Fixed versus adjustable rate loans
A fixed-rate loan features a fixed payment amount over the life of your loan. Your property taxes may go up (or rarely, down), and so might the homeowner's insurance in your monthly payment. For the most part monthly payments for your fixed-rate mortgage will increase very little.
Your first few years of payments on a fixed-rate loan are applied mostly to pay interest. This proportion reverses itself as the loan ages.
You can choose a fixed-rate loan in order to lock in a low rate. Borrowers choose these types of loans because interest rates are low and they wish to lock in at this low rate. For homeowners who have an ARM now, refinancing with a fixed-rate loan can offer more stability in monthly payments. If you have an Adjustable Rate Mortgage (ARM) now, we'll be glad to help you lock in a fixed-rate at the best rate currently available. Call Contemporary Mortgage Services, Inc at 407-834-3377 for details.
There are many different types of Adjustable Rate Mortgages. Generally, interest rates for ARMs are determined by an outside index. Some examples of outside indexes are: the 6-month CD rate, the 1 year rate on Treasure Securities, the Federal Home Loan Bank's 11th District Cost of Funds Index (COFI), or others.
Most ARM programs have a cap that protects you from sudden increases in monthly payments. Some ARMs won't adjust more than two percent per year, regardless of the underlying interest rate. Your loan may have a "payment cap" that instead of capping the interest rate directly, caps the amount your payment can go up in a given period. Additionally, the great majority of adjustable programs have a "lifetime cap" — your rate can't ever exceed the capped amount.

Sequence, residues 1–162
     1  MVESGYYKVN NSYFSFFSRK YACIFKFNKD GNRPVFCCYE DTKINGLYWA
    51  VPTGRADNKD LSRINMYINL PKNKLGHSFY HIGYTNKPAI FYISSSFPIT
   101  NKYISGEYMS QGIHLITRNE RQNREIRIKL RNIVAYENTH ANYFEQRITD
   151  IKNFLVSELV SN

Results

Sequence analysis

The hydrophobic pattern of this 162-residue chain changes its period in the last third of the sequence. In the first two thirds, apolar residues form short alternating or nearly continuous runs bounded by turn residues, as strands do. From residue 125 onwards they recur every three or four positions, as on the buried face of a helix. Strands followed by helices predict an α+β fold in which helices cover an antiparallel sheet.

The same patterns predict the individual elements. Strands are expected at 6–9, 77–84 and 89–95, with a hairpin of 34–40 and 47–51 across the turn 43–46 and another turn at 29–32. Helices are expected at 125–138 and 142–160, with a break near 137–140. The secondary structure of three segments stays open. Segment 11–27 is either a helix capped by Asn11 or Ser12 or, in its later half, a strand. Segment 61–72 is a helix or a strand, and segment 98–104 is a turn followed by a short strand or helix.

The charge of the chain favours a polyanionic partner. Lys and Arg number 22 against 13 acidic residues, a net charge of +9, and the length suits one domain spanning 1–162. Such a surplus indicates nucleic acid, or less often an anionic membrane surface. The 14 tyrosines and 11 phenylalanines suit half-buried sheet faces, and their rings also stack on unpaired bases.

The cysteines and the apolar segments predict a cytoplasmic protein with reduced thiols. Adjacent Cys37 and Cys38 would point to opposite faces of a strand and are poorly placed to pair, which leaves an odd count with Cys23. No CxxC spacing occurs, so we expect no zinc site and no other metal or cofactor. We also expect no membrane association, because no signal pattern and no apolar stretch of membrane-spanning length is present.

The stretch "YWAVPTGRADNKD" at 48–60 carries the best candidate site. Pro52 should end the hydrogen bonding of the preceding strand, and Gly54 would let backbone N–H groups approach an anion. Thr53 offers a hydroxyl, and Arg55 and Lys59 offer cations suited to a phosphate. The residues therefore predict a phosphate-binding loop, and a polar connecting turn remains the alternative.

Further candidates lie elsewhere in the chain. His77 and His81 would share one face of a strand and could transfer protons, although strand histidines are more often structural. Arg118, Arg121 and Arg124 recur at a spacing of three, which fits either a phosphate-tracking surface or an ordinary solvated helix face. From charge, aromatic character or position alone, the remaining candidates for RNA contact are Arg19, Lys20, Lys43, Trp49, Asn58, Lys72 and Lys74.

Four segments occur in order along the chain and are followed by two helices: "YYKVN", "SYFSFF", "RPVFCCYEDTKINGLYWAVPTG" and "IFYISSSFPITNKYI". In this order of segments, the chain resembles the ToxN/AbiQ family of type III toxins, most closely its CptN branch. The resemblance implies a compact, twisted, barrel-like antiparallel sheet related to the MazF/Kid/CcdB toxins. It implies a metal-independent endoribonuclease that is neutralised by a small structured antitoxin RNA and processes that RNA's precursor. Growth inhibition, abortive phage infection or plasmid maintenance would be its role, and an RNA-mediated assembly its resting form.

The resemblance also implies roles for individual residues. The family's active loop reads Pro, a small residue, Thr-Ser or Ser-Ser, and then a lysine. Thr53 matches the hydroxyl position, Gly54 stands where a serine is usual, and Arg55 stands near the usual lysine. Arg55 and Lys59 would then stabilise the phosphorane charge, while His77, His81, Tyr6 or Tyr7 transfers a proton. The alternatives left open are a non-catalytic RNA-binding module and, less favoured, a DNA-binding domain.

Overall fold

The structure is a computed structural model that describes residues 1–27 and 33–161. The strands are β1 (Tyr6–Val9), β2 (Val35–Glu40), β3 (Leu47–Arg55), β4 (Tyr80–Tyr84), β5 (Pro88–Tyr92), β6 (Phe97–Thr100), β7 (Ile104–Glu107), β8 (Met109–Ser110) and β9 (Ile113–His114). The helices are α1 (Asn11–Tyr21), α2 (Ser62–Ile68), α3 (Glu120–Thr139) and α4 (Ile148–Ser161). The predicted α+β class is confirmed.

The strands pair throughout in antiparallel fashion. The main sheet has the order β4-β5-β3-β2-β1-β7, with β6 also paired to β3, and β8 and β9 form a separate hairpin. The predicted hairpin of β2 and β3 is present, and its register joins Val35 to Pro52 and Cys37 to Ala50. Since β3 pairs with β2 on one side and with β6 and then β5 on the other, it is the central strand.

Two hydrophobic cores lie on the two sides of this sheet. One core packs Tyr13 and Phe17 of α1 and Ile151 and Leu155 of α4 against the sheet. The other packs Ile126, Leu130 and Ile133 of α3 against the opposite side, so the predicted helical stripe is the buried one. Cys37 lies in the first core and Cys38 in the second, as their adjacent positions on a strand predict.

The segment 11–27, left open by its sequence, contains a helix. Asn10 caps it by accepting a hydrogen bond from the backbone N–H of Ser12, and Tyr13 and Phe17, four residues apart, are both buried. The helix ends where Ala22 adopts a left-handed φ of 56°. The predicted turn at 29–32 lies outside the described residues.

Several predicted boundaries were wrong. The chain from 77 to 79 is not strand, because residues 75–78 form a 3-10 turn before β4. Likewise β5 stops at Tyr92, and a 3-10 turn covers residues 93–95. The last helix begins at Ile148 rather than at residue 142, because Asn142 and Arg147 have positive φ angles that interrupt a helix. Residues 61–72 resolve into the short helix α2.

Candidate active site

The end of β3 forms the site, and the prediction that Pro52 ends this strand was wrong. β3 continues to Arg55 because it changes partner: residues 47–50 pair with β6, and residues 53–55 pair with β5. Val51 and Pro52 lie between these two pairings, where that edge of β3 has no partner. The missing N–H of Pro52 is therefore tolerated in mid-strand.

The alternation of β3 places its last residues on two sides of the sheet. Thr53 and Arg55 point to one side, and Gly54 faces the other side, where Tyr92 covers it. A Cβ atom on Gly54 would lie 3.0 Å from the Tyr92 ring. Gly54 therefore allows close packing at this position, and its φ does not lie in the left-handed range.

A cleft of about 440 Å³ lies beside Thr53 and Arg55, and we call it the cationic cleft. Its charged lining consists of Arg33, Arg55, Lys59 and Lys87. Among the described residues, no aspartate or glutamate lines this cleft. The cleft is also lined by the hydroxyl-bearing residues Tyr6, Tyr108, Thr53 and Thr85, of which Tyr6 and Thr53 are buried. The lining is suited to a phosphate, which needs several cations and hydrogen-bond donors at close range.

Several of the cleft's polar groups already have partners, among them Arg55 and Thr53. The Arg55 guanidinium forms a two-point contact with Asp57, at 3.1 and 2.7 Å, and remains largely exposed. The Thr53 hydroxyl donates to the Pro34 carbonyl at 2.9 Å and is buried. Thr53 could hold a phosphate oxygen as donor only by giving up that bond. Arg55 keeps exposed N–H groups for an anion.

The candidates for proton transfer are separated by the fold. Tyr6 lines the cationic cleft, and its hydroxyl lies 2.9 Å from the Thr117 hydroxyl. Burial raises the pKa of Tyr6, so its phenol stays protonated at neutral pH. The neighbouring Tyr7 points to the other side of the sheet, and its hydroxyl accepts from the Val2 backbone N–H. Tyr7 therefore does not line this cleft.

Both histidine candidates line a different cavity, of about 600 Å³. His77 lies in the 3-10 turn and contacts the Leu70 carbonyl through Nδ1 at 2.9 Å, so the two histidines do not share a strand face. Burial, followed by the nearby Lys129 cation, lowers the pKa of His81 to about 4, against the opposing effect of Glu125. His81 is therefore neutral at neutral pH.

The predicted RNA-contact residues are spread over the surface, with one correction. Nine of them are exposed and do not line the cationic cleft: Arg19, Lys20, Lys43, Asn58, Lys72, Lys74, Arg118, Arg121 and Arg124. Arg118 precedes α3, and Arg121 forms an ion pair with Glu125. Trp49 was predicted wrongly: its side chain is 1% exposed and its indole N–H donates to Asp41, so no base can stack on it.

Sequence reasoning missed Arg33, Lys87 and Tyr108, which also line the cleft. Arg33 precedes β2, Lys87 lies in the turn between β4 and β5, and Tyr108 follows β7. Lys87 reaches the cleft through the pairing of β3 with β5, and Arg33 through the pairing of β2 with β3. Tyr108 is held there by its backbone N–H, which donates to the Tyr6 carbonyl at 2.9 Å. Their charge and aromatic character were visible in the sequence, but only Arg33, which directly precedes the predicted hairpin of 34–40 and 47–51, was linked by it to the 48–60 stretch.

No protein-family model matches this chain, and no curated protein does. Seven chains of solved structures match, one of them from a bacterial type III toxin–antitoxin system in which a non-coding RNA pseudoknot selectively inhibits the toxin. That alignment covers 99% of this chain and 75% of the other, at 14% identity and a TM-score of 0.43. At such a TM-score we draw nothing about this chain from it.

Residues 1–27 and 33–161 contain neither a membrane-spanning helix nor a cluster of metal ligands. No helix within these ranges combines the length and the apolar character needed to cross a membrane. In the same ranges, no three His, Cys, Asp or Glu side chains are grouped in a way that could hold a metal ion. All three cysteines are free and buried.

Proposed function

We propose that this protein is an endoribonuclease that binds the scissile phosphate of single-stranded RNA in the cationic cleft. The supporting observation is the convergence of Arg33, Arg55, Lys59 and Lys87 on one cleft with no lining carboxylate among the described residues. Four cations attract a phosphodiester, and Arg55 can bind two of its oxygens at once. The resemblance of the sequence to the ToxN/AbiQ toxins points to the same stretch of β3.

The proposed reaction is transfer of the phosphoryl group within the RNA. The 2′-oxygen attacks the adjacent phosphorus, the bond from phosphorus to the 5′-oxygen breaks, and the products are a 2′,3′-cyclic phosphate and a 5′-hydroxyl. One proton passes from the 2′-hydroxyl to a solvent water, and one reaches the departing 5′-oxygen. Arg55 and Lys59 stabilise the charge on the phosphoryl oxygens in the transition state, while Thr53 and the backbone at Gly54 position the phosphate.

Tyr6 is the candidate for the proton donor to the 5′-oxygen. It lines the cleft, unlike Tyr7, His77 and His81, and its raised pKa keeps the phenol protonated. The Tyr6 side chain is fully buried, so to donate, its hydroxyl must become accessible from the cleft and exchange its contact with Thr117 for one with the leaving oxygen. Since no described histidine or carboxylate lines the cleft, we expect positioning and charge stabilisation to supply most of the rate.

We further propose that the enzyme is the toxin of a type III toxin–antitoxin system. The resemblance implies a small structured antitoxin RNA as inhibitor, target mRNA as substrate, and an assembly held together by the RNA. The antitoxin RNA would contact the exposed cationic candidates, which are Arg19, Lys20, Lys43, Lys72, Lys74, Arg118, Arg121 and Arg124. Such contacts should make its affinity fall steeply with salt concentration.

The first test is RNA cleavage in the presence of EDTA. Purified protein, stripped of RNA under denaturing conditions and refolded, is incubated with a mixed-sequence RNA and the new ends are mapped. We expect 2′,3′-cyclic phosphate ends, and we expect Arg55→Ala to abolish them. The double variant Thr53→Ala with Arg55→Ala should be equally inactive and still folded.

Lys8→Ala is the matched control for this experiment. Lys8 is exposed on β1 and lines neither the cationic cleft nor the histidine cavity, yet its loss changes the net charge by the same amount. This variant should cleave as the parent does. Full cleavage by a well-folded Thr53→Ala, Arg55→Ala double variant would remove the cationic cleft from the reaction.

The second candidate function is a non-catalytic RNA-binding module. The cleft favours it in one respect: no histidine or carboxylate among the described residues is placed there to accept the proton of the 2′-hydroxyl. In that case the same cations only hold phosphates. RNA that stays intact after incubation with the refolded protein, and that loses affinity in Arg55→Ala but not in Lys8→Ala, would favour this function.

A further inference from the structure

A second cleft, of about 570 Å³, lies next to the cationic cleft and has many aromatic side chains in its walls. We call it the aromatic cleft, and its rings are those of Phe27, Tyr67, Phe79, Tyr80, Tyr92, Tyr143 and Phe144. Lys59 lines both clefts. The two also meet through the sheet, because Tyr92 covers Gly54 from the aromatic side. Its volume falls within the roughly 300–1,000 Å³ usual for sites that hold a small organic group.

ARMs most often feature their lowest rates toward the beginning of the loan. They usually provide the lower interest rate from a month to ten years. You may have heard about "3/1 ARMs" or "5/1 ARMs". For these loans, the initial rate is fixed for three or five years. It then adjusts every year. These types of loans are fixed for 3 or 5 years, then they adjust. These loans are usually best for people who expect to move in three or five years. These types of ARMs are best for people who plan to sell their house or refinance before the loan adjusts.
Most borrowers who choose ARMs choose them when they want to get lower introductory rates and do not plan to stay in the house for any longer than this initial low-rate period. ARMs are risky when property values decrease and borrowers can't sell or refinance.
Have questions about mortgage loans? Call us at 407-834-3377. It's our job to answer these questions and many others, so we're happy to help!
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